While popular and highly coveted due to its natural brown colouring, Travertine is not as tough as other types of natural stone and thus needs regular maintenance if you wish to keep it looking good. Without it the polish can quickly dull, and can suffer from erosion over time if acidic cleaning products are used often resulting in small holes or pitting appearing.
This house in the Manchester suburb of Didsbury had a particularly large area of Travertine tiles which had proven to be very difficult for the property owner to maintain. When I spoke to her I explained that Tile Doctor have a reliable process for the restoration of Travertine and similar types of natural stone such as Marble and Limestone using a polishing process we have developed called burnishing, and I assured her that we could achieve the same with her floor.
Cleaning and Polishing Travertine Tiles
Tile Doctor’s burnishing system involves the application of four different diamond encrusted burnishing pads in sequence from coarse to fine, using a small amount of water with each pad for lubrication.
I started work on this Travertine by applying a Coarse 400 grit burnishing pad to strip away dirt and any old sealer remaining on the tiles, before removing any dirty water with a wet vac machine and rinsing the floor (a process which is repeated after the application of each pas). Next, I moved on to the Medium 800 grit pad, which I used to break down any ingrained dirt and stubborn marks, and to start smoothing down the rough and uneven surface that had developed on some of the tiles. I then used the Fine 1500 grit pad to smooth the surface even further and get the floor ready for its final polishing.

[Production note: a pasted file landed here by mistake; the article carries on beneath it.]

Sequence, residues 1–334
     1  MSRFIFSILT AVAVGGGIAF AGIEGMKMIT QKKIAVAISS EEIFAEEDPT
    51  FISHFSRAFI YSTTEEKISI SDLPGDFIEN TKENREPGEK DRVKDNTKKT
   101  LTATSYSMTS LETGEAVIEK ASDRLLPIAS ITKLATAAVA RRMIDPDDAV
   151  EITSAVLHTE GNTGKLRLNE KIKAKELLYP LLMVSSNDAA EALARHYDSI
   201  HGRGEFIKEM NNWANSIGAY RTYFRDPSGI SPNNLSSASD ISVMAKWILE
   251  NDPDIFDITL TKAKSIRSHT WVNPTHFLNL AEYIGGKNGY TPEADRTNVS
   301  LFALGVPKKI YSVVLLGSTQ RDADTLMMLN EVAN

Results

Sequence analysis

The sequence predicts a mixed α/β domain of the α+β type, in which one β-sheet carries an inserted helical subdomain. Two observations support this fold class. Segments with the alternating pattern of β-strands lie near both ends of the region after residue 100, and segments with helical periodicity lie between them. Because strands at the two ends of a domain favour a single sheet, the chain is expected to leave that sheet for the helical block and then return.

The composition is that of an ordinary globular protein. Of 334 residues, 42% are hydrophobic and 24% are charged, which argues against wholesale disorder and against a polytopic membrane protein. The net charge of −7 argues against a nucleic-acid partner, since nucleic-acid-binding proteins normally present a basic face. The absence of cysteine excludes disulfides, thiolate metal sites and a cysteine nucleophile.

However, before applying the fourth and final pad, I took the time to carefully fill all the cracks and holes as these were spoiling the overall appearance of the tiles. Following this I left the floor for the day so it could dry off fully overnight.
Sealing Travertine Tiles
I returned to the property the next morning to seal the floor. My first course of action was to run a damp test; which we do in every situation as even a small amount of damp threatens to spoil the sealer. The test did reveal some damp spots, so I used my heat gun to dry them out quickly.
Once the floor was completely dry, I went over the floor with the Very Fine 300 grit pad, without any water as lubricant this time, to achieved the final desired polish. In this situation, I used Tile Doctor Colour Grow to seal the tiles as I knew it would enhance the natural shades in the Travertine. Colour Grow is a solvent based colour intensifying sealer that provides durable surface protection while allowing the surface to breath and enhance colour.
It’s really important that all excess sealer – that which doesn’t penetrate the stone – is polished off. For polishing off the excess, I used our three cloth system. After completing the sealing process, I went over the floor one final time with the Very Fine 3000 grit diamond burnishing pad to ensure a smooth and shiny finish.
Needless to say, the customer was very happy with result, remarking that the floor never looked that good before!